ILM Fundamental #3: Provide structured control over file retention and deletion decisions. Let’s say the example in the above figure is a bank. Transactional data is kept online only during its highly active period – the first seven days – and is accessible in milliseconds. Between seven days and two months, the bank moves the data to nearline storage, i.e., the information is kept on lower- cost disk arrays, retaining the benefits of transactional speed and high throughput. After two months, the bank then archives the data to offline media or deletes the data as mandated under its policies and industry regulations.

ILM Fundamental #4: Maintain compliance with mandated government regulations. In the healthcare field, for example, organizations cannot just automatically migrate files or delete them based on a time-stamp. Current legislation calls for information to be retained and available for the duration of a patient’s life and for several years afterwards. Merely pushing data to an offsite tape archive is insufficient. This calls for a flexible system that encompasses broad criteria other than “creation date,” such as “file type,” “includes/excludes,” “last access date,” “modified date,” etc. Ideally, such a system will provide “hooks” for real-time, continuous measuring of data access patterns so that policy-based migration can be adapted to “on-the-fly” administrator-supplied criteria.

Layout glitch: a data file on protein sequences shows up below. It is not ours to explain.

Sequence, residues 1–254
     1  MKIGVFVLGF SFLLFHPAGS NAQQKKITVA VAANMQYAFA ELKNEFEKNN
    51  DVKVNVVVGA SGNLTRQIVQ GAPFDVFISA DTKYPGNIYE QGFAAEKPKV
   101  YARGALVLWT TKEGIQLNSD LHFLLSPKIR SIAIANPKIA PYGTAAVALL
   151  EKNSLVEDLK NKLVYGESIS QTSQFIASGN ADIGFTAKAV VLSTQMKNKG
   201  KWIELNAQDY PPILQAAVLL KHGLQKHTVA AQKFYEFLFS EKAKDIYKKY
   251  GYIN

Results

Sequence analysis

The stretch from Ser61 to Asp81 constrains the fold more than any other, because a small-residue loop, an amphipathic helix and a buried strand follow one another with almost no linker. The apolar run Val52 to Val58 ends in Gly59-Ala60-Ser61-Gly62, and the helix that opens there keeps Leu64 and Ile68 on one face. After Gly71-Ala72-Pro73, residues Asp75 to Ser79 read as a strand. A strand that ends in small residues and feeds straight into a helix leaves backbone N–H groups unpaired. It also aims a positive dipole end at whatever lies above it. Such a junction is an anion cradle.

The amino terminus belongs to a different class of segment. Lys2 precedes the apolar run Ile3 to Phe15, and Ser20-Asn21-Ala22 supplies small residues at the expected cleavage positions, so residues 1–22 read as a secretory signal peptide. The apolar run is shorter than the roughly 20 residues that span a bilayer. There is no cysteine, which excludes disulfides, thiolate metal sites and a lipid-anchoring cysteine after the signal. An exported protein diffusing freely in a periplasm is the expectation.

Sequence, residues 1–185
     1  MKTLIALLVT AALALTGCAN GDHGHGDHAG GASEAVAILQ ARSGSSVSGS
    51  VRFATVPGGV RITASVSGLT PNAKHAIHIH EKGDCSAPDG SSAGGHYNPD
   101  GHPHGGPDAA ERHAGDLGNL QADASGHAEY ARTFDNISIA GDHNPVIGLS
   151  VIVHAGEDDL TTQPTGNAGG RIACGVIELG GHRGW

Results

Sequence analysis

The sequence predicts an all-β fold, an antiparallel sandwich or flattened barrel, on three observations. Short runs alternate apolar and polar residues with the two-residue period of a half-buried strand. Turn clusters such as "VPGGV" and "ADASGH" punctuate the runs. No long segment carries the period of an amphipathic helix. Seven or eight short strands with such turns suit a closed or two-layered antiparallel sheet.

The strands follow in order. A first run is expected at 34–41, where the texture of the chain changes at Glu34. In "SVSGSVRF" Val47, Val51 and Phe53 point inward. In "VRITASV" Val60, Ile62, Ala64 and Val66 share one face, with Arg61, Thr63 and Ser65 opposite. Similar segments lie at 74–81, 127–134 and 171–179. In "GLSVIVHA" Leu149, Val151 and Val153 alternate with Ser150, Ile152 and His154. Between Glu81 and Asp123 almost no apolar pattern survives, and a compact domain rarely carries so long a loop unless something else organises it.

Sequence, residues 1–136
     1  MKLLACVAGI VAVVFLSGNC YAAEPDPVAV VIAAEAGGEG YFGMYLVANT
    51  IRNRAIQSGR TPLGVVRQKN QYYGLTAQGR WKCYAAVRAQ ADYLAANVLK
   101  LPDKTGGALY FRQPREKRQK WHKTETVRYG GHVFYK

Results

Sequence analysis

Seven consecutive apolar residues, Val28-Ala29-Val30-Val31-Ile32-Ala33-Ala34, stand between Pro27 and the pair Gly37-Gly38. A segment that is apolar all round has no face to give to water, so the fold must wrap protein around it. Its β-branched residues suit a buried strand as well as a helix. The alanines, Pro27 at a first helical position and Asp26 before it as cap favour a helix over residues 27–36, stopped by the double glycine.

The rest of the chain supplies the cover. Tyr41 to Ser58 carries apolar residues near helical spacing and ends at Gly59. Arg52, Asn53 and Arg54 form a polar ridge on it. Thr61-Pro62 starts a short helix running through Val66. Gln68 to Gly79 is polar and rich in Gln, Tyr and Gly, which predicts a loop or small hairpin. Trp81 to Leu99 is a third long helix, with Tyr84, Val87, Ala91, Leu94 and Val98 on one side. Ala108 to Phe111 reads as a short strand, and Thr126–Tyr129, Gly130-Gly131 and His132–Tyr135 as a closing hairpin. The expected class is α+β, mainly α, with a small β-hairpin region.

ILM Fundamental #5: Maximize information availability and data protection. Servers, SANs, NAS devices, routers, switches and other critical components that provide the conduit between users and the information they need to do their jobs must employ sufficient redundancy to automatically “fail over” and recover from predictable faults in order to maintain information availability. Traditional backup alone – frequently performed “once-a-day” overnight and often causing information to become unavailable to users–is no longer sufficient to preserve business continuity. Service-level objective adaptation, performance tuning and retention control mean nothing if a disaster obliterates the unprotected information assets upon which they are built. We need to change the way we look at backup and redeployment utilizing today’s live “snapshot” and replication technologies (local and remote) to provide greater protection, while maintaining continuous information availability to users and applications.

ILM Fundamental #6: Maintain application transparency of data for users. Organization executives don’t have time to be concerned of data whereabouts. They simply want to query the system and obtain a fast response. Therefore, it is mandatory to provide a logical view of data that allows users to “see” files as they were created and in directories where they originally resided, regardless of their current location on different tiers of storage.

ILM Fundamental #7: Reclaim space on costly storage resources such as SAN. It is not uncommon for a business to spend over a half-million dollars on a SAN, so applications that minimize the initial need as well as future expansion are well worth considering. The objective is to maximize return on investment, which is accomplished by continuously monitoring and controlling information movement so that expensive SAN resources are occupied only by data that represent the highest possible value to the organization.

Neil Murvin is vice president of research and development at CaminoSoft Corp.